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Nutrients. 2017 May 3;9(5). pii: E442. doi: 10.3390/nu9050442.

Comparing the Nutritional Impact of Dietary Strategies to Reduce Discretionary Choice Intake in the Australian Adult Population: A Simulation Modelling Study.

Author information

1
School of Pharmacy and Medical Sciences, University of South Australia, Adelaide, SA 5000, Australia. jessica.grieger@adelaide.edu.au.
2
School of Pharmacy and Medical Sciences, University of South Australia, Adelaide, SA 5000, Australia. brittany.johnson@unisa.edu.au.
3
School of Health Sciences, Centre for Population Health Research, University of South Australia, Adelaide, SA 5000, Australia. tom.wycherley@unisa.edu.au.
4
School of Pharmacy and Medical Sciences, University of South Australia, Adelaide, SA 5000, Australia. rebecca.golley@unisa.edu.au.
5
Sansom Institute for Health Research, Centre for Population Health Research, Alliance for Research in Exercise, Nutrition and Activity, Adelaide, SA 5000, Australia. rebecca.golley@unisa.edu.au.

Abstract

Dietary strategies to reduce discretionary choice intake are commonly utilized in practice, but evidence on their relative efficacy is lacking. The aim was to compare the potential impact on nutritional intake of three strategies to reducing discretionary choices intake in the Australian adult (19-90 years) population. Dietary simulation modelling using data from the National Nutrition and Physical Activity Survey 2011-2012 was conducted (n = 9341; one 24 h dietary recall). Strategies modelled were: moderation (reduce discretionary choices by 50%, with 0%, 25% or 75% energy compensation); substitution (replace 50% of discretionary choices with core choices); reformulation (replace 50% SFA with unsaturated fats, reduce added sugars by 25%, and reduce sodium by 20%). Compared to the base case (observed) intake, modelled intakes in the moderation scenario showed: -17.3% lower energy (sensitivity analyses, 25% energy compensation -14.2%; 75% energy compensation -8.0%), -20.9% lower SFA (-17.4%; -10.5%), -43.3% lower added sugars (-41.1%; -36.7%) and 17.7% lower sodium (-14.3%; -7.5%). Substitution with a range of core items, or with fruits, vegetables and core beverages only, resulted in similar changes in energy intake (-13.5% and -15.4%), SFA (-17.7% and -20.1%), added sugars (-42.6% and -43%) and sodium (-13.7% and -16.5%), respectively. Reformulating discretionary choices had minimal impact on reducing energy intake but reduced SFA (-10.3% to -30.9%), added sugars (-9.3% to -52.9%), and alcohol (-25.0% to -49.9%) and sodium (-3.3% to -13.2%). The substitution and reformulation scenarios minimized negative changes in fiber, protein and micronutrient intakes. While each strategy has strengths and limitations, substitution of discretionary choices with core foods and beverages may optimize the nutritional impact.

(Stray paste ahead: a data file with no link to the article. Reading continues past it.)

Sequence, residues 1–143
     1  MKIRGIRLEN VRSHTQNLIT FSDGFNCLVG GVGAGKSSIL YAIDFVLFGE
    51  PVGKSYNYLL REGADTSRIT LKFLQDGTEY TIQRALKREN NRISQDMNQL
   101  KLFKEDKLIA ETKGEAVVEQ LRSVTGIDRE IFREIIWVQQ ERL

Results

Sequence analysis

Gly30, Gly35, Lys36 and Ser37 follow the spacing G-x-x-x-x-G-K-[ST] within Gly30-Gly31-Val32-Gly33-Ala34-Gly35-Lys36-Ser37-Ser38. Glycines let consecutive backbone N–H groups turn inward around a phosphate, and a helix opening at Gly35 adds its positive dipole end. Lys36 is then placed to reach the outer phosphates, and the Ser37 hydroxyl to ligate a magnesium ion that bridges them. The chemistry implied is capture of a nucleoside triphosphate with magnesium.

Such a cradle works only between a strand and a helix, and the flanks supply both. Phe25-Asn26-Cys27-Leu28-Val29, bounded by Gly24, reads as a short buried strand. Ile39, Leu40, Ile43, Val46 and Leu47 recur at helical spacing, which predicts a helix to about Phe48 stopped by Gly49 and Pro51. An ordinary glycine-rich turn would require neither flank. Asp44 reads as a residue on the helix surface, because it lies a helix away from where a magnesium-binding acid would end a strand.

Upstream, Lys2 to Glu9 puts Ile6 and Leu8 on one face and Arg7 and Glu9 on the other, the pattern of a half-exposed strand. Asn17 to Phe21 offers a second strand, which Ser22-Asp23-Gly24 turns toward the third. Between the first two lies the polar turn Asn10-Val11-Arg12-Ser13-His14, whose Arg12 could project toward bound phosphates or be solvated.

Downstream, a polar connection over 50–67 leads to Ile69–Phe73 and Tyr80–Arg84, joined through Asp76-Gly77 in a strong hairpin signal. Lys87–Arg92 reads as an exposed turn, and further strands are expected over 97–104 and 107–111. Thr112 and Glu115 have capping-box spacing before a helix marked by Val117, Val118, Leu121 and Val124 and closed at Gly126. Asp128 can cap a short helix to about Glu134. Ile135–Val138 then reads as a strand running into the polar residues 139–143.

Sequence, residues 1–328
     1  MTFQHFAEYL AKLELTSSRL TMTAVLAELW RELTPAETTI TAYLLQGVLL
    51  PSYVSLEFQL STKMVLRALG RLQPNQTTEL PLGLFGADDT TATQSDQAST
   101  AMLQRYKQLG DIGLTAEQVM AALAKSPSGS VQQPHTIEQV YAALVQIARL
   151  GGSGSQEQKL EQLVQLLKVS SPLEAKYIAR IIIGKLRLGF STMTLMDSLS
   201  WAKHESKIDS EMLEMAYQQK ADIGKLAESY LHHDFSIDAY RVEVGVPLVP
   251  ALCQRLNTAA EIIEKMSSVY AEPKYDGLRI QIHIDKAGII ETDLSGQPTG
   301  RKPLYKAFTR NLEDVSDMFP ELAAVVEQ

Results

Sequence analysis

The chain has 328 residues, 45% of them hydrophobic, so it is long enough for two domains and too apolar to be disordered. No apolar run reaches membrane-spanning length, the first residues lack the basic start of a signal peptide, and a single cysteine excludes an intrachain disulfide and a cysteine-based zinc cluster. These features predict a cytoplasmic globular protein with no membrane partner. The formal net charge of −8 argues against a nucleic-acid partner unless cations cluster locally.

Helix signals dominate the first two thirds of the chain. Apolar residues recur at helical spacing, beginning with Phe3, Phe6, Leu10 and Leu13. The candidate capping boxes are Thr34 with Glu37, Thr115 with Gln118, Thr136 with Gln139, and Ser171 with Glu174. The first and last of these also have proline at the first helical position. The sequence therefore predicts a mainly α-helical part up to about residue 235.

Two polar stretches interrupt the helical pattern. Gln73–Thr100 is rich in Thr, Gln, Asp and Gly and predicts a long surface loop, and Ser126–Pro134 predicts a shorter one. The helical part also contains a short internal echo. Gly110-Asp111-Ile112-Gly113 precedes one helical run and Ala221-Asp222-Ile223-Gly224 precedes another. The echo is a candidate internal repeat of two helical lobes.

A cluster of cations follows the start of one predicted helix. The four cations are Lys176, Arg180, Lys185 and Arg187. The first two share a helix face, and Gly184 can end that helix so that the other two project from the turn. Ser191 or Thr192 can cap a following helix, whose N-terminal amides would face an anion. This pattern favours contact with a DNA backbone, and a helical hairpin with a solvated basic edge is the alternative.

KEYWORDS:

adults; chronic disease prevention; computer modelling; dietary modification; dietary simulation; dietary strategies; discretionary choices; nutrition epidemiology; obesity prevention; public health

PMID:
28467387
PMCID:
PMC5452172
DOI:
10.3390/nu9050442
[Indexed for MEDLINE]
Free PMC Article

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